It’s not a shark! It’s the fin of a Mola mola, or ocean sunfish. One of our staff members spotted this huge fish in mid-August, just off Little Mark Island near Bailey Island, Harpswell. He shared a photo of it with our Water Reporter network. Since then, we have spotted several more of these disk-shaped fish in our local waters. Sunfish are found in tropical and temperate waters, often in deeper water than Casco Bay.
Its common name of ocean sunfish comes from the creature’s habit of lying on its side at the surface, possibly waiting for seabirds to nibble on its array of parasites. Or it may be warming in the sun after a deep dive in search of jellyfish and other gelatinous creatures. One of the aspects that makes it endearing is that its big eyes and O-shaped mouth make it appear to be in a perpetual state of surprise.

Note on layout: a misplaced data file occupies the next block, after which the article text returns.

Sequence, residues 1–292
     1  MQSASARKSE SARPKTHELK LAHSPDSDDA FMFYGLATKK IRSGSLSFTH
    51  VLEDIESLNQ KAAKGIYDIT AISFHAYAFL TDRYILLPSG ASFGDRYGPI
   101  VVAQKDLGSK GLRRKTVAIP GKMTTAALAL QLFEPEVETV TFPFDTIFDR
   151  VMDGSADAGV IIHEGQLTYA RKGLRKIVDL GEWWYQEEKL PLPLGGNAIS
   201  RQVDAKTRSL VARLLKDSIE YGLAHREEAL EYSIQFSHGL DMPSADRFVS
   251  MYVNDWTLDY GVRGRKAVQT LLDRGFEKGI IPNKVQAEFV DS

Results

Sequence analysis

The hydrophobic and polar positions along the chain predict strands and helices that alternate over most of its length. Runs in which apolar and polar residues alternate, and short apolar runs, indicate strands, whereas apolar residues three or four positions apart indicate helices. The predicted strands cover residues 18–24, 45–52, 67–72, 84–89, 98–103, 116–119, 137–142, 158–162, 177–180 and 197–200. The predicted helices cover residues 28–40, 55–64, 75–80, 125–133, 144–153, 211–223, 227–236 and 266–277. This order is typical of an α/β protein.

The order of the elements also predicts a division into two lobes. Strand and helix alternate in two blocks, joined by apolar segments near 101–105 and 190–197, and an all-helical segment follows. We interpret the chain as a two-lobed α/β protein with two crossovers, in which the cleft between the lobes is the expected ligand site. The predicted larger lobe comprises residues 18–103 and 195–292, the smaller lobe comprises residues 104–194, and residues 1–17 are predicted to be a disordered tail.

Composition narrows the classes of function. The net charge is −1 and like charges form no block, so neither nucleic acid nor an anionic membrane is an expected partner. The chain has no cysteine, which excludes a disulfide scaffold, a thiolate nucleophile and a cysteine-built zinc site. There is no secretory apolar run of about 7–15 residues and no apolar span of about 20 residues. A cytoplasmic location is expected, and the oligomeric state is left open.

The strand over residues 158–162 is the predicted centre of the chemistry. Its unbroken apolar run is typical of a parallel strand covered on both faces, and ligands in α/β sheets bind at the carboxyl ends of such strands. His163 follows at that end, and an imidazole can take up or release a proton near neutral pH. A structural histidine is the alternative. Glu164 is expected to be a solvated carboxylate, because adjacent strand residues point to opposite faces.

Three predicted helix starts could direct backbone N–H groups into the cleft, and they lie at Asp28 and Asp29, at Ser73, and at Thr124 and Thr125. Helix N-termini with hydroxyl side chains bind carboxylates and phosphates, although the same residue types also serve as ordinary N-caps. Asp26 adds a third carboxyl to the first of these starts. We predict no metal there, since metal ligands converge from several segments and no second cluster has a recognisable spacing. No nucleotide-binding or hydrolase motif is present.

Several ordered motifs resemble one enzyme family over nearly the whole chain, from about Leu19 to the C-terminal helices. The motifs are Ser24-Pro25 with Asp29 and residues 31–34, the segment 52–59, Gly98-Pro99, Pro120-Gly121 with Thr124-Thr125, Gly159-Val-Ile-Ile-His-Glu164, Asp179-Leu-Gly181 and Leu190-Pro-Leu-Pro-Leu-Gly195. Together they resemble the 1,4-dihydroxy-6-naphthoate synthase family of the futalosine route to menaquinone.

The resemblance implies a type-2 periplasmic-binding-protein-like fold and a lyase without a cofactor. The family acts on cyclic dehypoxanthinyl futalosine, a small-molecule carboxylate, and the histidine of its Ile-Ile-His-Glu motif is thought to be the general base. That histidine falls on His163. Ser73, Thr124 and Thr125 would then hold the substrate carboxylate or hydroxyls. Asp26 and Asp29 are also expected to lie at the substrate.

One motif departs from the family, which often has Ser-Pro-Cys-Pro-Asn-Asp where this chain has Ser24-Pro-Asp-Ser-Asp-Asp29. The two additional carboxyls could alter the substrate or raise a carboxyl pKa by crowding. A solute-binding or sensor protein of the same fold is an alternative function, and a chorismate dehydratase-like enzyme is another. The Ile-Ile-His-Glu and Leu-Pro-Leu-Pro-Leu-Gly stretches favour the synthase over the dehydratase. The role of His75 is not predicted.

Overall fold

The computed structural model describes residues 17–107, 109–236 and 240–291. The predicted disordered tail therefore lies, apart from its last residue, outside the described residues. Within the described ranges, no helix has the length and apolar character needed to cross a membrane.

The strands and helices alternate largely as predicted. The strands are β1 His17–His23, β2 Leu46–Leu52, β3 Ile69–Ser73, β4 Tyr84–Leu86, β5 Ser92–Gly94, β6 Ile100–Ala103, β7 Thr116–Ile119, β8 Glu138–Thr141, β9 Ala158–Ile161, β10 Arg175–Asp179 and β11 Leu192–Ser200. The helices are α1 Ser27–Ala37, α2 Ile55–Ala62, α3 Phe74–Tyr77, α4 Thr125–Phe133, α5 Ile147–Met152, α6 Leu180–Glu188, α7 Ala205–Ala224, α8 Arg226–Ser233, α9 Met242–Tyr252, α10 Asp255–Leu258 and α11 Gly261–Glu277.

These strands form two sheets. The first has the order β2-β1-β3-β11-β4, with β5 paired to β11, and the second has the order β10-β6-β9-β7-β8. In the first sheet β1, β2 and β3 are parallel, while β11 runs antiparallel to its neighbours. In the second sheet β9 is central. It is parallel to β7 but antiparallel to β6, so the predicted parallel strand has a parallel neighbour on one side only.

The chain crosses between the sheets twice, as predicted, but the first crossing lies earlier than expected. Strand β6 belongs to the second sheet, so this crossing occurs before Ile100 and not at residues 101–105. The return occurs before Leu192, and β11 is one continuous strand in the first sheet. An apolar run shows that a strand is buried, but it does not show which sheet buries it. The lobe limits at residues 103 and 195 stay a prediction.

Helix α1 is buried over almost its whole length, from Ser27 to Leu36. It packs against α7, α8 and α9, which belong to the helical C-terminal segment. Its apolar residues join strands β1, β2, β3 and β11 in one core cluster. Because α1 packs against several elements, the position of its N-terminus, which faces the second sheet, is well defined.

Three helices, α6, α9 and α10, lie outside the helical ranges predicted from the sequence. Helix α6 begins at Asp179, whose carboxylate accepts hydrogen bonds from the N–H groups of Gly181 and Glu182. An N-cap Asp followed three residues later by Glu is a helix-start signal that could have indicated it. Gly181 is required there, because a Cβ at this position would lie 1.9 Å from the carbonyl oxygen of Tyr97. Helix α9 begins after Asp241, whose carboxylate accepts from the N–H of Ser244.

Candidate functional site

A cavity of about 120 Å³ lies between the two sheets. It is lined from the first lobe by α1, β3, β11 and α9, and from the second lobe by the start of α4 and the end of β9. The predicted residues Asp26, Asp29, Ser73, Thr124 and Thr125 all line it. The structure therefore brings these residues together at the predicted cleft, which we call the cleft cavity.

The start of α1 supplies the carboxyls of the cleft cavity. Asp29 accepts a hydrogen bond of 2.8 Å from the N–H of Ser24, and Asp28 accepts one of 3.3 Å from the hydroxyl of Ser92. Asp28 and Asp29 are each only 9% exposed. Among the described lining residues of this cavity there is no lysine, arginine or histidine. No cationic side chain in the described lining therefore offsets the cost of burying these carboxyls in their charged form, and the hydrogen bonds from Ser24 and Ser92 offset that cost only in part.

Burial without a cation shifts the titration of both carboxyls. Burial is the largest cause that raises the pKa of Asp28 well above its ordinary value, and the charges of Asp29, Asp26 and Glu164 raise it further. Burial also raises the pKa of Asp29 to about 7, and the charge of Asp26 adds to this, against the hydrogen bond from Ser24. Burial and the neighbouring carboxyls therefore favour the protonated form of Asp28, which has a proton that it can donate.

Its scientific name, Mola, is Latin for millstone — a large round stone used to grind grain. It also describes this fish’s shape, which can reach 6 to 10 feet across.
We welcome all sorts of reports of what you are seeing around Casco Bay, good and bad. Many Water Reporters use hashtags to organize their observations. To see a map of all the #wildlife posts shared with our group, click here.
Mount Desert Islander posted this story about the Mola mola just yesterday, if you want to read more.